Areas of Joint Responsibility include:

  • Clarifying and negotiating the milestones, timelines, and budget, if necessary.

Dispute Resolution:

Any disagreements that may arise in scientific or programmatic matters (within the scope of the award) between recipients and NIH may be brought to Dispute Resolution. A Dispute Resolution Panel composed of three members will be convened: a designee of the Steering Committee chosen without NIH staff voting, one NIH designee, and a third designee with expertise in the relevant area who is chosen by the other two; in the case of individual disagreement, the first member may be chosen by the individual recipient. This special dispute resolution procedure does not alter the recipient's right to appeal an adverse action that is otherwise appealable in accordance with PHS regulation 42 CFR Part 50, Subpart D and HHS regulation 45 CFR Part 16.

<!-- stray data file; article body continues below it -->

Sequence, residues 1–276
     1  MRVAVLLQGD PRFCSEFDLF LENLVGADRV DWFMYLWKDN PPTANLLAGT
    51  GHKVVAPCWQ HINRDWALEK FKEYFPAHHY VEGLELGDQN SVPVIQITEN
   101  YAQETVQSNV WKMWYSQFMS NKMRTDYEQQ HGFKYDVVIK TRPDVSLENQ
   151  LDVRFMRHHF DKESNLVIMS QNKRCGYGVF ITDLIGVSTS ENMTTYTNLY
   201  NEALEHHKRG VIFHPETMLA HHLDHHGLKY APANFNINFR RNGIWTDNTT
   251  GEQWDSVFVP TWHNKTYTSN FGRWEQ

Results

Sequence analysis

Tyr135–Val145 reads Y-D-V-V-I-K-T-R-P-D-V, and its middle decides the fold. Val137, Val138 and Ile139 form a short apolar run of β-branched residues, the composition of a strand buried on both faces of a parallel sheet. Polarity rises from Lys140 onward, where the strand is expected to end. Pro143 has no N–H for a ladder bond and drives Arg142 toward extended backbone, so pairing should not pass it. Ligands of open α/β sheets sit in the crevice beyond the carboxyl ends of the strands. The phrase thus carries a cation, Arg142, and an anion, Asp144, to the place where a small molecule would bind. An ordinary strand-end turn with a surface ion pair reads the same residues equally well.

3. Data Management and Sharing

Note: The NIH Policy for Data Management and Sharing is effective for due dates on or after January 25, 2023.

Consistent with the NIH Policy for Data Management and Sharing, when data management and sharing is applicable to the award, recipients will be required to adhere to the Data Management and Sharing requirements as outlined in the NIH Grants Policy Statement. Upon the approval of a Data Management and Sharing Plan, it is required for recipients to implement the plan as described.

4. Reporting

When multiple years are involved, recipients will be required to submit the Research Performance Progress Report (RPPR) annually and financial statements as required in the NIH Grants Policy Statement.